Wednesday marks the third and last debate of the 2016 election cycle and the final 19 days before the general election — that means it's less than a month before either Donald Trump or Hillary Clinton becomes the most powerful person in the world. Clinton is currently in the lead in the polls, but electoral college votes and popular opinion haven't always been in line in previous elections. This has led a lot of people to be skeptical of the electoral college and the problems that come along with it.
Right now, it looks like Democratic nominee Clinton will win the electoral college by a landslide. Pundits like Steve Schmidt predict she's in the electoral college lead by over 400 as of Oct. 19. On the one hand, that makes some people happy to know the college saves the American people from potentially turning over the vote to a dangerous influence like Trump, but at the same time, what if the shoe was on the other foot and the college wasn't in favor of the candidate the majority of individual voters supported? For example, for a lot of people, the electorate body didn't feel like the same safety net in 2000 when Al Gore arguably lost because of the electoral college and Florida's share of the votes. The incident called into question the validity of President George Bush as a leader from that point forward.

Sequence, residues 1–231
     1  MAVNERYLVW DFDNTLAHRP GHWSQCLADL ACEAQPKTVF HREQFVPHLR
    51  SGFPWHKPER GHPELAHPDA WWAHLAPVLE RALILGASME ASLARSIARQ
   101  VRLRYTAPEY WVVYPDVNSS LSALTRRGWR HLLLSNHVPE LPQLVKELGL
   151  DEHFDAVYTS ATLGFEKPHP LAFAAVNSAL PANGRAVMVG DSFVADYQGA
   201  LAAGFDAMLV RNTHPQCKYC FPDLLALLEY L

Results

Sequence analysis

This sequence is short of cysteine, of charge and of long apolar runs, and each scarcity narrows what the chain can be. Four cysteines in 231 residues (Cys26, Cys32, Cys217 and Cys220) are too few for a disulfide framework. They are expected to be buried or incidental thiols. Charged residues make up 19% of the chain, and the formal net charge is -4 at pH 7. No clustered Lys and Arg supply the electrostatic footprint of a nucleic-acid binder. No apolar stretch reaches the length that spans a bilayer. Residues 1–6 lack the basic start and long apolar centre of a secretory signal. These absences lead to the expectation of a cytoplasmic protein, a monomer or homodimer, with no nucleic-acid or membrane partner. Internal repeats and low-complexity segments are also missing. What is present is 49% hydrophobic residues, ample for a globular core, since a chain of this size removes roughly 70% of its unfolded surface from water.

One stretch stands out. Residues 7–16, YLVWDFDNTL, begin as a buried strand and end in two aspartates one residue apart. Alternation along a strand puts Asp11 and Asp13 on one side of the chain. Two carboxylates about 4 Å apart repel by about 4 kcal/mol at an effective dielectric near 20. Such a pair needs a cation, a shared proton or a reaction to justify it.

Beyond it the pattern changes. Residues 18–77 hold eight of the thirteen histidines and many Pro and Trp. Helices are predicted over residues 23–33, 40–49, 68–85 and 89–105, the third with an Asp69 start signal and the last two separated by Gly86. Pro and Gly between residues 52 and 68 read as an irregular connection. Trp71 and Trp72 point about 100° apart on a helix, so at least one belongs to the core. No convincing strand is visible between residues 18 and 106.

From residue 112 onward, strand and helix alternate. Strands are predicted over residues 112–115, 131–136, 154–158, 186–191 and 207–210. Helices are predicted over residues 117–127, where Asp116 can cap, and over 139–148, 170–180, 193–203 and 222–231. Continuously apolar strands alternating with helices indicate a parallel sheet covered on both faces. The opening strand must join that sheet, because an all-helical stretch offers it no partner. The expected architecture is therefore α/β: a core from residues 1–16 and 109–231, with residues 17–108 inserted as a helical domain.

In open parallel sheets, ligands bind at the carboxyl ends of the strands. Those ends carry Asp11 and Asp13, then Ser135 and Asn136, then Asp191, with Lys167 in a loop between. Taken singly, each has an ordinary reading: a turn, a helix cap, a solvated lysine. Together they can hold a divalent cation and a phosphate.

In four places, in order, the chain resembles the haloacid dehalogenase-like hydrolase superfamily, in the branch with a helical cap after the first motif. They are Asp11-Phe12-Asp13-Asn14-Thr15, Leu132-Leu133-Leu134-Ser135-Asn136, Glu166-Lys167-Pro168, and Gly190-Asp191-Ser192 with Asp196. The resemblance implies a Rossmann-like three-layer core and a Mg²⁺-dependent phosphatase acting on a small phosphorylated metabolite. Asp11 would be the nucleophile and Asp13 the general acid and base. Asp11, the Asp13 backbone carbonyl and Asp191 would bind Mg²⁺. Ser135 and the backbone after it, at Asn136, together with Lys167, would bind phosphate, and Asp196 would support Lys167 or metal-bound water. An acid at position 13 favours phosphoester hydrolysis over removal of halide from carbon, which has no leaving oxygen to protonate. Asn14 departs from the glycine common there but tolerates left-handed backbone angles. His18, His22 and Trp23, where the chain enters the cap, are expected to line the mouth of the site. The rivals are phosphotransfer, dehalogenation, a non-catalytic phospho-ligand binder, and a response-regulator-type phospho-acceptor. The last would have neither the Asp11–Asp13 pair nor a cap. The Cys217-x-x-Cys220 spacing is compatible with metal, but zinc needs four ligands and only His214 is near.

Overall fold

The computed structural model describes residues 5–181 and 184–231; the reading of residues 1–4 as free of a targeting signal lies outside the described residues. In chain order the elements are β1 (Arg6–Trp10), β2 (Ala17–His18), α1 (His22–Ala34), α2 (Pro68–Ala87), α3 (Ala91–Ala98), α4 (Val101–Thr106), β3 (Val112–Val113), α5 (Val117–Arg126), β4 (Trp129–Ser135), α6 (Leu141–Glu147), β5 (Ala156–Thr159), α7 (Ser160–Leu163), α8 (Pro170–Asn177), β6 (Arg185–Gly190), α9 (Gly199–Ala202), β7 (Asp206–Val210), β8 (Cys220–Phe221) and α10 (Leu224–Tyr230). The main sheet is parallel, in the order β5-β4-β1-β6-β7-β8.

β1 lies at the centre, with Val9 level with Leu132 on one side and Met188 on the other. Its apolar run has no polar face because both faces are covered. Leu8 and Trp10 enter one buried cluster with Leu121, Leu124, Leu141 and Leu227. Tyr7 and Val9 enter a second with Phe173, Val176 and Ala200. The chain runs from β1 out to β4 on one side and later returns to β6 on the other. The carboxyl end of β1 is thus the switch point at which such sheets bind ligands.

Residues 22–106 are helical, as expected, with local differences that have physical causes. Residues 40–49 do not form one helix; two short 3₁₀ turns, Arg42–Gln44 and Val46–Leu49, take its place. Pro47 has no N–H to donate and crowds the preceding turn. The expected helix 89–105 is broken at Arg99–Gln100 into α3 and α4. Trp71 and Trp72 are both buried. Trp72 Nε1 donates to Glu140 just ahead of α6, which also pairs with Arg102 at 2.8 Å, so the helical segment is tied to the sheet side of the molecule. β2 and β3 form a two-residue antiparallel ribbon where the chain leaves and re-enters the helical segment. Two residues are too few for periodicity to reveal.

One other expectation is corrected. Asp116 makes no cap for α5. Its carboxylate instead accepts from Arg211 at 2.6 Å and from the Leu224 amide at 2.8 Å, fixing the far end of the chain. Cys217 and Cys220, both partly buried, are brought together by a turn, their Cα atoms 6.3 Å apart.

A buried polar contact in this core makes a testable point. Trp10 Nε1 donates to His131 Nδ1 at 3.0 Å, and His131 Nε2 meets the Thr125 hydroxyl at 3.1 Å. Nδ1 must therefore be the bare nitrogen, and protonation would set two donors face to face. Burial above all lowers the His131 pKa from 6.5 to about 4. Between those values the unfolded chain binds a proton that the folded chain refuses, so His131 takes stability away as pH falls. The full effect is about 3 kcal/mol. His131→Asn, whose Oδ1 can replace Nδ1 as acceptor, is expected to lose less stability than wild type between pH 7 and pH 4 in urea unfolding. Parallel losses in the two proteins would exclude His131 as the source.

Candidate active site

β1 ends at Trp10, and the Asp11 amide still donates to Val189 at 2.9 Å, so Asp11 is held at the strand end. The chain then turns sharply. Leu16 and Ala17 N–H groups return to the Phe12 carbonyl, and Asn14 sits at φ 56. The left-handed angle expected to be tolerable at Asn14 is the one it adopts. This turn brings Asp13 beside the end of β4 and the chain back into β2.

Even as recently as 2012, the argument was that President Obama wouldn't have "real" power if he won by the electoral college votes alone. Instead, he would need both the electoral college and the popular vote to earn legitimate respect as the leader of the United States. And chances are, that will be the case this time around in 2016 as well. But historically, four of the 44 U.S. presidents have lost the popular vote but won the electoral college. That's to say that about 10 percent of all the presidents have not been the ones the people, by majority, voted for. For some citizens, that's reason enough to reform the electoral system.
The discrepancy posed by the battle over the popular vote versus the electoral college vote has an impact on how legitimate the person who is chosen to lead is — which is to say that it could be time to take out the meddling middleman, suggesting that maybe it's time to streamline the two things.